The "Technician" role have extended workflow functionality in Operator Interface, allowing users in this role to resolve issues or handle abnormal situations on site. This article is meant as a guide for technicians to understand the extended functionality, common issues that might arise, and how to identify and resolve them to ensure a stable production environment.
Suspending/resuming and cancelling workflows
When a unit needs to be tested during repair, or in circumstances when issues with the workflow has occurred, a technician can resolve these type of situations by controlling the state of the workflow by using the Suspend, Resume and Cancel functions.
Screen capture from Operator Interface during workflow execution. Buttons are located in top right corner below the unit header.
- Suspend: Possible to run tests on ATE without using any validation and constraints from the workflow (the workflow must be resumed afterwards). When the unit is under repair and the "Identify UUT Report" step in the repair wizard has been completed, the workflow is suspended and resumed when the UUR report has been submitted.
- Cancel: When a workflow instance was created by mistake on a finalized unit. This can occur when a unit is scanned in Operator Interface, and the application is configured with Start Page = Execute Workflow and Workflow Auto Initialize = On. A technician should cancel the workflow.
- Cancel: When an "Internal Workflow Error" has occurred. If the error is recurring, the instance cannot recover. A new instance must be created, but a technician must cancel the unrecoverable instance first (Cancel deletes the instance).
Forcing units through processes
A technician have the privilege to force a unit through any process in a workflow. This privilege is only meant to be used in scenarios when issues has prevented the workflow to execute as normal.
- The test sequence completed normally (in TestStand for instance), but the workflow was not able log if the test process started or ended because of a workflow error. If the test passed (check if a passed UUT report is found for this unit/process), a technician should force the unit to the next process in the workflow. This is acheived by pressing "Passed" in the Execute Workflow function.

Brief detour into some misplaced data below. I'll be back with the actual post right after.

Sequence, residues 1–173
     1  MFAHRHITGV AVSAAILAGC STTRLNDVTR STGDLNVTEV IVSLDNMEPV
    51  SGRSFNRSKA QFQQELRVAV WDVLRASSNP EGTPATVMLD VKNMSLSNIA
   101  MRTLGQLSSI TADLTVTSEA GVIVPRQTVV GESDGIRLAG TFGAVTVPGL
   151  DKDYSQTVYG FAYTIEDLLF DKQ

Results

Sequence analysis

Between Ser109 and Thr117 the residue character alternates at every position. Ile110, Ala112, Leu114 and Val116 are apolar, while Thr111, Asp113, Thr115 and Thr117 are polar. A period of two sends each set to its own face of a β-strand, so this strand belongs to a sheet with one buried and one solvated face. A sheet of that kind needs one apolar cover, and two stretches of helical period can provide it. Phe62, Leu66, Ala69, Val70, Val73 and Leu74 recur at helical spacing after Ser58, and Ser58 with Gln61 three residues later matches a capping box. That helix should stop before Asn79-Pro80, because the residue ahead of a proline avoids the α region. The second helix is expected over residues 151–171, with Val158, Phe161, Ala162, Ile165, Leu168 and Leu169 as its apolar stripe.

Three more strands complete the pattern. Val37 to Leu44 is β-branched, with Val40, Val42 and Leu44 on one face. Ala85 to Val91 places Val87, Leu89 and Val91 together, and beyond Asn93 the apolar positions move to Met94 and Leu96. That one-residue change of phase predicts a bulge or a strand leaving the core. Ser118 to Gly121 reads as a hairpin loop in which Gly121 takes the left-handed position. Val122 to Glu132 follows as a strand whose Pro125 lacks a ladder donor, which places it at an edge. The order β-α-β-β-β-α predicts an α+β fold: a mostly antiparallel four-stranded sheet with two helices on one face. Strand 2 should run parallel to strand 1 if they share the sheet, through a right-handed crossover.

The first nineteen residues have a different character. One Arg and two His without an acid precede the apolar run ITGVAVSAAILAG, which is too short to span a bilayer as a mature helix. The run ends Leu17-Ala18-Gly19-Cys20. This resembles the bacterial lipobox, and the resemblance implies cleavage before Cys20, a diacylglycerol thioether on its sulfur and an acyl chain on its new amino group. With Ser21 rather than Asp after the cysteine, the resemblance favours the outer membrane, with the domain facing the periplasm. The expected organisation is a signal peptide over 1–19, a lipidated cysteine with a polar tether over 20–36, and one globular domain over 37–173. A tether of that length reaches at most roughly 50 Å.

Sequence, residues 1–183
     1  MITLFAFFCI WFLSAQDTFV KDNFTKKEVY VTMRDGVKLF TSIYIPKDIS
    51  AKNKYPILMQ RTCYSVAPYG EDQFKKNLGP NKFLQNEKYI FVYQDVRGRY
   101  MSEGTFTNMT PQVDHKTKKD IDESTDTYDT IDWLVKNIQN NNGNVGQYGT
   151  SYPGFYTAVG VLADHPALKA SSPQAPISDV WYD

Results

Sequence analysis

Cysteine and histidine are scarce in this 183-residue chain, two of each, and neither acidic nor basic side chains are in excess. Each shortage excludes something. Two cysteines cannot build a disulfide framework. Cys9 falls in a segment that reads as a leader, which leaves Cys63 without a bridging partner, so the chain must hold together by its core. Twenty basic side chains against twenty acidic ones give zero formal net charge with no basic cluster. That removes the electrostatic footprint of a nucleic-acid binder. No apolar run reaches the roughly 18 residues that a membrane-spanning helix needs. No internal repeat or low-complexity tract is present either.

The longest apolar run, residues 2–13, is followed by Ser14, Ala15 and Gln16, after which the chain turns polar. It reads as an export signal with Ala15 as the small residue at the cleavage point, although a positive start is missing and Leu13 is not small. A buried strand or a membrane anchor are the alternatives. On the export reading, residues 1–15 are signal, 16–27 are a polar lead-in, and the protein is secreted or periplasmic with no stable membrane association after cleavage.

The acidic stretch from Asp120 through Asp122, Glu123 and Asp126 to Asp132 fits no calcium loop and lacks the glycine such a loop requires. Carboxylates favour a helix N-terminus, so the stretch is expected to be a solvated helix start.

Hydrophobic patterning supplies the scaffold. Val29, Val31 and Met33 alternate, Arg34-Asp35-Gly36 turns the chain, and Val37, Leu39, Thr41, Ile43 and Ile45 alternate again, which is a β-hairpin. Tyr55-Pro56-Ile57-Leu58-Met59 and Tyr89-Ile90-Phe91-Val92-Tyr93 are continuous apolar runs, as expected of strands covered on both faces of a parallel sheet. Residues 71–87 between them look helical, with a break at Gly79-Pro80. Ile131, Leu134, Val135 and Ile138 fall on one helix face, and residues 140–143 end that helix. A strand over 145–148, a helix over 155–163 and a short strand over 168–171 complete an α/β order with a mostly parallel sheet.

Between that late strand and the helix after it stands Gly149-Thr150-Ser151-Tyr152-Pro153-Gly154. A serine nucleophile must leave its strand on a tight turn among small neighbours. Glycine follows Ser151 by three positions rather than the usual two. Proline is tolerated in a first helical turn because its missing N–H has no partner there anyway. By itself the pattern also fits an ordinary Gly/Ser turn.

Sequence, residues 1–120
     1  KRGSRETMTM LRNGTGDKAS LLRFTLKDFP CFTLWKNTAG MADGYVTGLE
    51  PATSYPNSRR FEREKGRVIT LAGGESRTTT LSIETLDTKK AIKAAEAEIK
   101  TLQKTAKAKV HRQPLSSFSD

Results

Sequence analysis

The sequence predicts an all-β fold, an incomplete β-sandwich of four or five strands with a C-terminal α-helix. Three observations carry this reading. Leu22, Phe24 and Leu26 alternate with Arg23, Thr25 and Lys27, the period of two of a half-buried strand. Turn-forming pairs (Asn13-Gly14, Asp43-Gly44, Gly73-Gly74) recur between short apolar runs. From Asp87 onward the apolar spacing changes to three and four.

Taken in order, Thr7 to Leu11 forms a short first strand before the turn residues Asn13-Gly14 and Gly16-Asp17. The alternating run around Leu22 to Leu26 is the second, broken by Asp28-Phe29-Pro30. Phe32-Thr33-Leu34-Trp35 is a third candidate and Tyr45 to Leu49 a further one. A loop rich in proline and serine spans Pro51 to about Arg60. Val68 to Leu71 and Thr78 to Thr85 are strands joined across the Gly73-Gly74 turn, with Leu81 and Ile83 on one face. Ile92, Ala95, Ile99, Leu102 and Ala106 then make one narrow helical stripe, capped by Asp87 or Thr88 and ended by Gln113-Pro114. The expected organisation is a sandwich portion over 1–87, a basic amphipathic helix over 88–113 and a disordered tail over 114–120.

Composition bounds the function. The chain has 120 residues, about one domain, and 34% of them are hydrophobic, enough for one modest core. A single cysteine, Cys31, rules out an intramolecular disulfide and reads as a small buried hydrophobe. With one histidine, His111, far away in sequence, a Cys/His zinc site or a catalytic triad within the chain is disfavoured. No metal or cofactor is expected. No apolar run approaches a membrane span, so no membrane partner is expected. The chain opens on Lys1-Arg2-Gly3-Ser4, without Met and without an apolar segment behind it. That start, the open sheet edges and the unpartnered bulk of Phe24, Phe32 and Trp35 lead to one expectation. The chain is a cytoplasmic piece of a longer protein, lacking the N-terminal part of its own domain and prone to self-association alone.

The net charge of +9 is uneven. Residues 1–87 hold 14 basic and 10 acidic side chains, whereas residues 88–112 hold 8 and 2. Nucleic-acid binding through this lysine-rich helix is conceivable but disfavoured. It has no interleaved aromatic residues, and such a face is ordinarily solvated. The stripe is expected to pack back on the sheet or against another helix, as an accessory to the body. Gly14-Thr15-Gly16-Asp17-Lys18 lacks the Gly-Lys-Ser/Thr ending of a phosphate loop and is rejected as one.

- When a test has been run several times with a result of only Error or Terminated, and the maximum test errors limit has been reached, the workflow usually sends the unit to Repair. A result of Error or Terminated does not neccessarily indicate a component failure, and a technician could force the workflow to skip the repair process when this occur.
The below view lets technicians set the result manually on automated tests by clicking "Passed" or "Failed". Maximum test count is always measured against a variable (set in the workflow definition) which defines how many times a test can fail before the unit is sent to repair.
When a test has failed as many times as allowed, a technician can skip the repair process if the test failed with status Error or Terminated.
Setting the phase of a unit
Unit phase is set through the Unit Info function. This function should only be used when the current phase of a unit is incorrect. The current process of the unit may also be set, but does not directly affect the workflow in any way.
- When a workflow instance was created by mistake on a finalized unit, causing the unit phase to be set to "Under Production" or similar. A technician should cancel the workflow and set the unit phase back to "Finalized". An easy way to identify if this is the cause
- Verify that a workflow instance exist through the Execute Workflow function
- Verify that the unit was finalized earlier through the Unit History report in Operator Interface
- The unit phase is incorrect. A common cause could be a data replication conflict, typically when unit information have been updated both locally and on the parent server since the last replication. This could generate a conflict since the replication agent could be undetermined on which update to submit as the winner.